Changes in antigen recognition sites may best reflect the relationship between selective pressure and gene mutations. Because the antigen recognition site is encoded by HLA-DRB1exon 2, this region was selected as the target fragment for genotyping via sequence-based typing (SBT) based on the method of D. Sayer et al.[12], in which HLA-DRB1 genotyping was performed by sequencing the product of a single PCR run. In this study, two PCR runs were performed for each sample, and four sequencing runs were performed for each PCR product to achieve a more accurate HLA-DRB1genotype. For the two PCR runs, the same mixture of eight primers (DRB1-52, DRB1-52.1, DRB1-01, DRB1-07, DRB1-09, DRB1-10, DRB1-15, and DRB1-04)[12] at equal molarity was used as the forward primer. The reverse primers for the two PCR runs were different; DRB1-87.M13F was used in one run, and DRB1-91.M13F was used for the other.[12] The PCR reactions were performed in a total volume of 50 μl, which consisted of genomic DNA (50 ng), forward primer mixture (25 pmol of each primer), reverse primer (50 pmol), Transtart DNA polymerase (1.25U; Transgen, China), 10nmol of each deoxynucleotide triphosphate (dNTP) (Transgen, China), and 1× PCR Buffer (Transgen, China). PCR amplification was performed in a Perkin Elmer Gene Amp PCR System 9700 thermal cycler (Applied Biosystems, USA), and the cycling conditions were as follows: initial denaturation at 94°C for 5 min; 35 cycles of 94°C for 20 s, 63°C for 10 s, and 72°C for 90 s; and a final extension at 72°C for 15 min. The PCR products were sequenced using M13F Big Dye Primer Ready Reaction kits (Applied Biosystems, USA) and an automated 3730xl DNA Analyzer (Applied Biosystems, USA). The results of the two sequencing runs were aligned using the SBTengine software package (GENDX, Netherlands) to visualize the genotypic composition of the HLA-DRB1 alleles. Based on the predicted allele, an allele-specific primer was used to sequence the longer PCR product produced by the PCR reaction with the forward primer mixture and DRB1-91.M13F. The allele-specific primers[12] included seven primers, i.e., DRB1-52, DRB1-01, DRB1-07, DRB1-09, DRB1-10, DRB1-15, DRB1-04, and the group-specific sequence primers (GSSPs) proposed by the SBTengine software (GENDX, Netherlands). For example, for the pre-genotyping result of HLA-DRB1*15:02:01/12:02:01, DRB1-15 and DRB1-52 were used to sequence the longer PCR products. If the pre-genotyping result showed that the allele-specific primer could not distinguish the genotypes, e.g., HLA-DRB1*12:02:01/03:01, then the GSSP primer was used for sequencing. The results from the four sequencing runs were aligned using SBTengine software to achieve the best genotyping result.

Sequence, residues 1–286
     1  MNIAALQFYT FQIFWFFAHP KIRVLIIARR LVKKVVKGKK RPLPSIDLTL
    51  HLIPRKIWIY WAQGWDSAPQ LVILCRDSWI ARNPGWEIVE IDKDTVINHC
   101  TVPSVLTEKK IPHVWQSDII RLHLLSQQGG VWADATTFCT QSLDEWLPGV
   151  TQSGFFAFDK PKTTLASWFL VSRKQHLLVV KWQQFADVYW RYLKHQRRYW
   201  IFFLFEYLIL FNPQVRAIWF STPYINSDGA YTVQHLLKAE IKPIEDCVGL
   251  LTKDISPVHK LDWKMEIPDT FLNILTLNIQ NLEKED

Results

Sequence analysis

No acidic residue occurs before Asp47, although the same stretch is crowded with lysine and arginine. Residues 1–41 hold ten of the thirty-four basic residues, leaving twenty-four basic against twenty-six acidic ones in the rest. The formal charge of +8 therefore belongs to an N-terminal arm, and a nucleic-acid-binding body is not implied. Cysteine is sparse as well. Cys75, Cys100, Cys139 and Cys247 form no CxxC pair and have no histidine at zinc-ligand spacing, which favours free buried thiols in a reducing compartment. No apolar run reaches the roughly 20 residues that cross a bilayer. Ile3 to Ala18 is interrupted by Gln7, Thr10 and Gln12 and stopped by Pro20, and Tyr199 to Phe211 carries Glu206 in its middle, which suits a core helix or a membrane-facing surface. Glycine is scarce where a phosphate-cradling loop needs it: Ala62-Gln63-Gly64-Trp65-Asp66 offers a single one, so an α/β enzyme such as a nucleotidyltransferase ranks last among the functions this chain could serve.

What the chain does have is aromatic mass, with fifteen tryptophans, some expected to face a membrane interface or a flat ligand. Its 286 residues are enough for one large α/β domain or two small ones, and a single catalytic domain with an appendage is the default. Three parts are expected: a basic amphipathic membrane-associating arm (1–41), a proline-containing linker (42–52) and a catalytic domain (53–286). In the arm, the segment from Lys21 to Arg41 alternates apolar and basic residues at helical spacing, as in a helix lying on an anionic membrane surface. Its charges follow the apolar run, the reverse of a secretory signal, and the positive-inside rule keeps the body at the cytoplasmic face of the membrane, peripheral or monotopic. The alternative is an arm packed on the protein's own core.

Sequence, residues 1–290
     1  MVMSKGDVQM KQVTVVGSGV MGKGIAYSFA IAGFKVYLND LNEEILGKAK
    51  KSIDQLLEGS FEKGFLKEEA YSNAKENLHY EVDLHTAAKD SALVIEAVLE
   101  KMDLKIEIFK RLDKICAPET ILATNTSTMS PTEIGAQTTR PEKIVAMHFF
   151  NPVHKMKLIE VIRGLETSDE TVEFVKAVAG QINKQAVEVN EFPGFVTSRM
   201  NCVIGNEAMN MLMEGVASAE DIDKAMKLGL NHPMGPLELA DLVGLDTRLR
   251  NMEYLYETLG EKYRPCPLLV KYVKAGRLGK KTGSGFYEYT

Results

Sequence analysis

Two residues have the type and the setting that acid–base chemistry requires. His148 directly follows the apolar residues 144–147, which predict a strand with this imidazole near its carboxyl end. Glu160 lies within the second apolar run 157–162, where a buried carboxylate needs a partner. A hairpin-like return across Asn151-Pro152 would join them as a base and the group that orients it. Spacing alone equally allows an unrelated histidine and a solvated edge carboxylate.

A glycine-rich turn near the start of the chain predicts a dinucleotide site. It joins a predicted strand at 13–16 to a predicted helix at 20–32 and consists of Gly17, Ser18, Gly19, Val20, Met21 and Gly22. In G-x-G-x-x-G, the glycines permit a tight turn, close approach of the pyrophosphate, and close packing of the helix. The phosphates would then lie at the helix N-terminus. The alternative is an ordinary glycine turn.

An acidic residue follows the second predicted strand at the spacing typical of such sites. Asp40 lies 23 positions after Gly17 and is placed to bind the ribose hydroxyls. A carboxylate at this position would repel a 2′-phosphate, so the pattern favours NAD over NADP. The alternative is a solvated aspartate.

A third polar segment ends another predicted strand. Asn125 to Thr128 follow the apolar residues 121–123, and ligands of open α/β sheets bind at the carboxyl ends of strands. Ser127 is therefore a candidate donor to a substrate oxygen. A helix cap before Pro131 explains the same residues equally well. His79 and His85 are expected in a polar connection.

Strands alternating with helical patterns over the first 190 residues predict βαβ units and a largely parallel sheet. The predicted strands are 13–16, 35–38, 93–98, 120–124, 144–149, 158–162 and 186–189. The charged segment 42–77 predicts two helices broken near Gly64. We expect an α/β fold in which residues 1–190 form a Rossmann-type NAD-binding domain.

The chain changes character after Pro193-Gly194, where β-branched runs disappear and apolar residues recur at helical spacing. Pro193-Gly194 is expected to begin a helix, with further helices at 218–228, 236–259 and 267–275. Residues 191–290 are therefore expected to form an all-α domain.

The 10 STRs were used to study the genetic backgrounds of the populations. In this study, 10 STRsfrom48 individuals who were randomly selected from the 103 Mongolian_YN individuals were genotyped. The information on these sites and the genotyping method were the same as previously reported.[10] The CEPH 1347–02 standard (Applied Biosystems, USA) was genotyped to ensure that the genotyping conditions were consistent with those reported previously. The STR genotyping data of the remaining six populations were derived from our previous work.[9, 10]